SSH:  Had you spoken to a recruiter?

JOS:  I don't remember, ever, a recruiter, no.  ...

SSH:  How did you research which of the branches would be best or what you wanted to do?

JOS:  The uniform, the uniform.  [laughter] That was what it was; it was the uniform.  I liked the uniform and I decided, "I'd like to be in the Navy."  There was no history in my family of Navy [service].  My father was in the Army, and that was the basis on which I decided and, you know, the speaker at our graduation, in 1943, was Mildred McAfee Horton, and she was the first commanding officer of the WAVES. 

SSH:  Did that impact your decision or had you already made your decision?

JOS:  ... I had already made my decision.  This was very exciting.

SSH:  Did you help to choose her as the speaker?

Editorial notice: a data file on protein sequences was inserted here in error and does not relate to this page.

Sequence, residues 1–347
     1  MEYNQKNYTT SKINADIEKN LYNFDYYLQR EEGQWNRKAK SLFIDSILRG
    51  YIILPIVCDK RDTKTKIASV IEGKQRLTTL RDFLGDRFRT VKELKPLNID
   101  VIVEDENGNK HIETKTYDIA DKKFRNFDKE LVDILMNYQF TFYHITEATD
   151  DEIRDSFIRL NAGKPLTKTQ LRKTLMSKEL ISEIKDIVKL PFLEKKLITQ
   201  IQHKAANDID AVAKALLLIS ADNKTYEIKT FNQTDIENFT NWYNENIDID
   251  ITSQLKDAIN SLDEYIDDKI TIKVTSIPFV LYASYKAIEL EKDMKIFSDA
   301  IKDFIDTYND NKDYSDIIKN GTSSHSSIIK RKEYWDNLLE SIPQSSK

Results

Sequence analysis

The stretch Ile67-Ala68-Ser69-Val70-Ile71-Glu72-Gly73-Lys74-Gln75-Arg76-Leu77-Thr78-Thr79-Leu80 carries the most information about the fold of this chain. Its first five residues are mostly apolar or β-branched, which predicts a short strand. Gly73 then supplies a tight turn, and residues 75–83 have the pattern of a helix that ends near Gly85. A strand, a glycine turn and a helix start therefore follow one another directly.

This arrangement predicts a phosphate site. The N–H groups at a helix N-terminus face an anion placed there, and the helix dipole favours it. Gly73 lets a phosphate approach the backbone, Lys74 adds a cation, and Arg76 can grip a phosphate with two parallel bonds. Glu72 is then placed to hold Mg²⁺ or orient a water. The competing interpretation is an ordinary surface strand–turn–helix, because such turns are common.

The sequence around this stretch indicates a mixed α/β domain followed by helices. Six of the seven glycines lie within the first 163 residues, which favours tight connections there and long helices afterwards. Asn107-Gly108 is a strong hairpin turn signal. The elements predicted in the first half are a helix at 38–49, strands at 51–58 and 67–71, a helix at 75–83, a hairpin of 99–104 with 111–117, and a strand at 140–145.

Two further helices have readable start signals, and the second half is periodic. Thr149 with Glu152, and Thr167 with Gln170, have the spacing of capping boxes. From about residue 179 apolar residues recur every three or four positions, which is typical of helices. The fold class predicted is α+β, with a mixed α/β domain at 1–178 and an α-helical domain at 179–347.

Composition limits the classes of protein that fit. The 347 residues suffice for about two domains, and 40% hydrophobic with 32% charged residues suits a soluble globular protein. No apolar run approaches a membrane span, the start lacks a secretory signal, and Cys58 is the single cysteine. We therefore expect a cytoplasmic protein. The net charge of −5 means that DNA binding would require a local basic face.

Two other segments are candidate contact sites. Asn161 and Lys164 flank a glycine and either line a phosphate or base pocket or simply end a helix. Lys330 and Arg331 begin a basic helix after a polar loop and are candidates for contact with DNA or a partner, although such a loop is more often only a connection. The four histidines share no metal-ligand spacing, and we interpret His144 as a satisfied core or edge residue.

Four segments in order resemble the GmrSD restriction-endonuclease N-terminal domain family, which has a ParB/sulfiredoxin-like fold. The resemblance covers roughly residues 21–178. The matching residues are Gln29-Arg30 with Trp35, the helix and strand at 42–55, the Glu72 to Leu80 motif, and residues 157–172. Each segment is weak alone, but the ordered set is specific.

JOS:  I don't think so.  I don't think I had any impact, ... at that point, on that, but, for me, it was most exciting, because those of us who had already been sworn into the Navy, in December, of course, met her at a reception. ... She was an idol at that time.  You know, she had been the dean of Wellesley, I think it was.  [Editor's Note: Mildred H. McAfee Horton was dean of women at Centre College and Oberlin College before becoming president of Wellesley College in 1936.]

SSH:  How many women had made that decision in 1943?

JOS:  In my class?  There were probably six.  I was trying to remember who they were last night, but I think there were at least six.  There was Ruth Gustafson, Jo Winchester, [Frances] "Frannie" Daire, Adele something [Wilkens Fuller?].  I can't remember the names of the others, but I think there were about six of us.

SSH:  You made this decision independently.

JOS:  Yes.